RAIMUNDO DE MADRAZO

Roma, 1841 – Versailles, 1920

Lady laying in a divan

Oil on canvas

47 x 68 cm

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The year after Raimundo was born, the Madrazo family moved from Rome to Madrid. From his childhood, the painter assiduously attends the famous studies of his grandfather, José de Madrazo and his father Federico de Madrazo - whom he would always consider as his best teacher[1] -. Protected by his illustrious last name, but also by his undeniable talent, he soon joined the Higher School of Painting and Sculpture in Madrid.

In 1855 he travelled to Paris - accompanied by his father - to visit the Universal Exhibition, where he experienced his first direct contact with international pictorial trends. In addition, take the opportunity to copy the drawings of the windows of the Sainte Chapelle, designed by Ingres. Back in Madrid, he resumed his studies and painted his first painting: The transfer of the remains of the Apostle Santiago, very much in the purist romantic line[2].

Later, in 1862, he settled definitively in Paris. There he studied at Léon Cogniet, the School of Fine Arts and the Imperial School of Drawing. In the capital of art, he befriends other Spaniards such as Joaquín María Herrer and landscape architect Martín Rico, with whom he travels through the main museums; highlighting the Louvre, where he will copy the Venetian masters[3]. As he consolidates his position as a portraitist in Paris, he makes a trip to London where he permeates the English variants of the genre.

In 1865 he returns to Spain and visits Toledo, reaffirming his passion for El Greco, of whom he will make several copies. In the same way, in Madrid by Goya's work, also reproducing some of his works. From the hand of his great friend and brother-in-law Mariano Fortuny he moved to Granada in 1872. A stage of incessant activity for both painters - influencing each other - where we observe a penchant for the landscape in Madrazo's work, whose refined qualities remind us of those of Fortuny.

The influence of Catalan is prolonged in his later work, with gender compositions influenced by "Japonism"; which he combines with his famous portraits, always personal, that evolve towards an increasingly impressionistic line. Such is the proximity between both painters, that, after the death of Fortuny, Madrazo will be one of the organizers of the sale of his brother-in-law's goods at the Hotel Drouot in Paris in 1875.

1878 will be a year of great recognition for Raimundo de Madrazo, receiving the first medal in the Universal Exhibition of Paris, as well as the badge of the Legion of Honor. Two years later he was appointed corresponding academic in France, and in 1884 he was granted a special room in the Hall, by the French Government.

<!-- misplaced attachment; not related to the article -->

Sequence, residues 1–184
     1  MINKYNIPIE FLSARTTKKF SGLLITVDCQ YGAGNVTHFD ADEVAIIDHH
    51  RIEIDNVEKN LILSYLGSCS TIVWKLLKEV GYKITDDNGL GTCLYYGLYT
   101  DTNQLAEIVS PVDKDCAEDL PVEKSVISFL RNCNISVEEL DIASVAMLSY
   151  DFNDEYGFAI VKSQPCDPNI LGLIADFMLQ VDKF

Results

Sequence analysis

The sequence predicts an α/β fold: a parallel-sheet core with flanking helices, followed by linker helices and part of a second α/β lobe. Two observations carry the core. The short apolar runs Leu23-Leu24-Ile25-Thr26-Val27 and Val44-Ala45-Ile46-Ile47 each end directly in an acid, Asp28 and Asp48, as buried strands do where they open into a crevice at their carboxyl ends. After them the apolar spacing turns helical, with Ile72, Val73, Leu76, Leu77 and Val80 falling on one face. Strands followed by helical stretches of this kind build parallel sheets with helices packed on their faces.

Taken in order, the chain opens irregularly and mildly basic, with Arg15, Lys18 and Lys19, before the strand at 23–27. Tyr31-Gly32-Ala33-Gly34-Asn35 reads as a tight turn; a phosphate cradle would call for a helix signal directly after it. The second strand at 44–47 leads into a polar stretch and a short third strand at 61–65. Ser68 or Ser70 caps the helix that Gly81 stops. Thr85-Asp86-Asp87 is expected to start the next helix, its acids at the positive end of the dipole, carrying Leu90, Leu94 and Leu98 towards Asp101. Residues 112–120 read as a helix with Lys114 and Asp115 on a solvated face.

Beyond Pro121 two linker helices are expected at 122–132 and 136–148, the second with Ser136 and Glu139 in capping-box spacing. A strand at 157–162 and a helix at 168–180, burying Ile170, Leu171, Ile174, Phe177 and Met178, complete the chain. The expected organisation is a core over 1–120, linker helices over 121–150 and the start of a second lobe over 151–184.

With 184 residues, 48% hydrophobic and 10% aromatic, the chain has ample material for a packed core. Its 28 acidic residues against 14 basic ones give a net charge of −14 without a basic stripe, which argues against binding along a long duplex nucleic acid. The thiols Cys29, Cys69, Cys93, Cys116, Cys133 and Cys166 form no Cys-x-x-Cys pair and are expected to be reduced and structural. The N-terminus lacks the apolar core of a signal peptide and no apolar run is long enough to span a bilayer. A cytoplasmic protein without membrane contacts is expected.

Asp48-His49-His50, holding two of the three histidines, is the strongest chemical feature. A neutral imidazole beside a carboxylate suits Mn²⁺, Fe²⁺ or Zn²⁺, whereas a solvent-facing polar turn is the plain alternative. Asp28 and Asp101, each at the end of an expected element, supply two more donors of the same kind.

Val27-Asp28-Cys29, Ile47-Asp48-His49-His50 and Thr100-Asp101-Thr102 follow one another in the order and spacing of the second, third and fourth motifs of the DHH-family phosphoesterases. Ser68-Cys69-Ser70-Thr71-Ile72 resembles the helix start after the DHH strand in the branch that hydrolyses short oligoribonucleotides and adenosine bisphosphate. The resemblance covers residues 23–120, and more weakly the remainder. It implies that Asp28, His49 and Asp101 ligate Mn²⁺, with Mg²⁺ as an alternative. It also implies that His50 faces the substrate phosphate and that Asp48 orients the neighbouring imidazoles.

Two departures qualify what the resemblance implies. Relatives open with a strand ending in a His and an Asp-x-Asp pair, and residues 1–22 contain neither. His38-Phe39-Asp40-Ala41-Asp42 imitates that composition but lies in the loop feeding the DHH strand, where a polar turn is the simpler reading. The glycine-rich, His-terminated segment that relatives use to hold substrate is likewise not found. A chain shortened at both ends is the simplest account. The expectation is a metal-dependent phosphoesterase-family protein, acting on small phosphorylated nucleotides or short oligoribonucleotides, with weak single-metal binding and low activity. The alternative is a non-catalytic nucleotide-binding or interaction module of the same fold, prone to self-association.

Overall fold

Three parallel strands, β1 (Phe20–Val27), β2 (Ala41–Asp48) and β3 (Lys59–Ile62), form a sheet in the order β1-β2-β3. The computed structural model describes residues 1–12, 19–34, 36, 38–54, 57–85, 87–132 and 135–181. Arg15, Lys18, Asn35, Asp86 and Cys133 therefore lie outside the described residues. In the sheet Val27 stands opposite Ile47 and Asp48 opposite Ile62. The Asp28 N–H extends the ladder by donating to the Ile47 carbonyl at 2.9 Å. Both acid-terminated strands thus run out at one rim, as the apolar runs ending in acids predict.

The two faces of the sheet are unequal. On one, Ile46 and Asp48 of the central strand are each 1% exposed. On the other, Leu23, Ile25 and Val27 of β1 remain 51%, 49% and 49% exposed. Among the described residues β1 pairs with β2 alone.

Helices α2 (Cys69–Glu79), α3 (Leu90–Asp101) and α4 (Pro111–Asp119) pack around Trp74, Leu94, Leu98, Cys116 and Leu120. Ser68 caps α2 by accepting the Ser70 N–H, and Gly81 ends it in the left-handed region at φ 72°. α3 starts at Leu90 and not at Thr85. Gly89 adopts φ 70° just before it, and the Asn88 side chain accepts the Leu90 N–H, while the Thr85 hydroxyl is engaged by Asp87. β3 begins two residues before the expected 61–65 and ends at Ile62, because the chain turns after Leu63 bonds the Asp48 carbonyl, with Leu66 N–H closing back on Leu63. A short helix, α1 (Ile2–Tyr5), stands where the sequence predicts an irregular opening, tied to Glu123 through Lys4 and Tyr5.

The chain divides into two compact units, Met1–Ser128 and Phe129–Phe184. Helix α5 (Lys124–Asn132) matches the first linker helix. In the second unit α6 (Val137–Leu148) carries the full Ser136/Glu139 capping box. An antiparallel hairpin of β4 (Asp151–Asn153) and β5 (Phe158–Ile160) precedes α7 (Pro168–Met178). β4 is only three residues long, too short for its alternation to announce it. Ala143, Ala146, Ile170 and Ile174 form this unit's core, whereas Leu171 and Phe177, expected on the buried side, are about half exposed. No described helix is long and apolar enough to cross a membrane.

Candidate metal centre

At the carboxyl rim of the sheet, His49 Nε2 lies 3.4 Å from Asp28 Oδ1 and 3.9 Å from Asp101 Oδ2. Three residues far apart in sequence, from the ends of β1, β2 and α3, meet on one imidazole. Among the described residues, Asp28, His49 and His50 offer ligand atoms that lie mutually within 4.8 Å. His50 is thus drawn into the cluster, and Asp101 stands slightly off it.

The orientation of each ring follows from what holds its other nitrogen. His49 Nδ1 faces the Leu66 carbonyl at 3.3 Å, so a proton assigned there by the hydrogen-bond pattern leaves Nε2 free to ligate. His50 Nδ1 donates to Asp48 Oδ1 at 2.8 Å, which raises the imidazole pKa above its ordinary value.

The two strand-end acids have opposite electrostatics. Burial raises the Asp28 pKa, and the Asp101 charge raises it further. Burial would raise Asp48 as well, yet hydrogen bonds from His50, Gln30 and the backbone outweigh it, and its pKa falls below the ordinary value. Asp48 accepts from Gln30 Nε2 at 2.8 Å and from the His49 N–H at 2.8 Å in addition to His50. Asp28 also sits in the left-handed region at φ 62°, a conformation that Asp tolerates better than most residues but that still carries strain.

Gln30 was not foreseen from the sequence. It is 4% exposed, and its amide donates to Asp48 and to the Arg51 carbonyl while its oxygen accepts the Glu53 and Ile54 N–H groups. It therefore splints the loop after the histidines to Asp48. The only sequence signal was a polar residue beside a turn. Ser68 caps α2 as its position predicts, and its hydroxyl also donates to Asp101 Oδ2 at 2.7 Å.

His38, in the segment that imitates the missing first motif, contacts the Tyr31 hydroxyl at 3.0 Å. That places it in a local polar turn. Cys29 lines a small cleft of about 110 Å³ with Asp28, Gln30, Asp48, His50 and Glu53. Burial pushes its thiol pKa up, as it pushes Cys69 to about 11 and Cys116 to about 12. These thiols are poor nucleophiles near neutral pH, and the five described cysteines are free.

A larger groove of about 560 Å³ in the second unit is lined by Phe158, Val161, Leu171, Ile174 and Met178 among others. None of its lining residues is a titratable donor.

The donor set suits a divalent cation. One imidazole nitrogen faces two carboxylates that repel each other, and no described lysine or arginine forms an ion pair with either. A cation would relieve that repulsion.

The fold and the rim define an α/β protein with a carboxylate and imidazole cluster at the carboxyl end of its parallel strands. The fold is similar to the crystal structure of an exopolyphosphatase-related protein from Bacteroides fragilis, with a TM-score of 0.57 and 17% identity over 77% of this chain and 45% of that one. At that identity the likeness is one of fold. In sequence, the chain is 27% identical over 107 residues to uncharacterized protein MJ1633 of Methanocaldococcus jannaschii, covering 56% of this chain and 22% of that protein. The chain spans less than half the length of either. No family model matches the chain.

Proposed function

Cosmopolitan artist, from the last decade of the century travels to the United States and Argentina, where he would achieve great success by portraying the elites. The result of this incessant American activity is his appointment in 1905 as a member of the Hispanic Society of New York, to which he donates an important collection of his works[4].

In the work presented here, we greatly appreciate the enormous refinement that consolidated Raymond of Madrazo as one of the main painters of the "great world" in the Paris of the Belle Epoque. Through the eastern censer of the foreground, we introduce ourselves - as spectators - in an intimate and enveloping scene in which a lady, lying on a couch, watches her dogs at the other end of the composition.

With a very refined technique, it presents great chromatic delicacy, according to the softness of the modeling, as well as the elegance and aristocratism of the protagonist. The diagonal arrangement of the young woman is used intelligently by the painter to recreate plastically in the fall of the folds of the dress, as well as in the sheets of a book of prints that clutter over her.

The preciousness in the tactile qualities of the foregrounds contrast with the sketched character of the background, in which a Japanese print is figurated. A loose execution, a prelude to Impressionism, that characterizes the work of Raimundo de Madrazo as he assimilates the technique of his brother-in-law, Mariano Fortuny - who, in addition, was especially influenced by Japaneseism.

In any case, the Fortuny footprint is also evident in the decorative sense of this interior scene, as well as in its meticulous invoice and in its descriptive character. The result is as anecdotal as it is delicious, capable of satisfying the hedonistic desires of the bourgeois clientele of the end of the century; who demanded these frivolous scenes in order to bring an exotic and luxurious note to their new urban widening apartments.

[1] SÁNCHEZ TRIGUEROS, J.A.: Concha Barrios y la pintura española del S.XIX. Diez años de exposiciones: 1978-1988, Galería Concha Barrios,  Madrid, 1988.

[2] Ibídem.

[3]Ibídem.

[4] SÁNCHEZ TRIGUEROS, J.A.: Concha Barrios y la pintura española del S.XIX. Diez años de exposiciones: 1978-1988, Galería Concha Barrios,  Madrid, 1988.

Technical data

RAIMUNDO DE MADRAZO

Roma, 1841 – Versailles, 1920

Lady laying in a divan

Oil on canvas

47 x 68 cm

Private collection, Madrid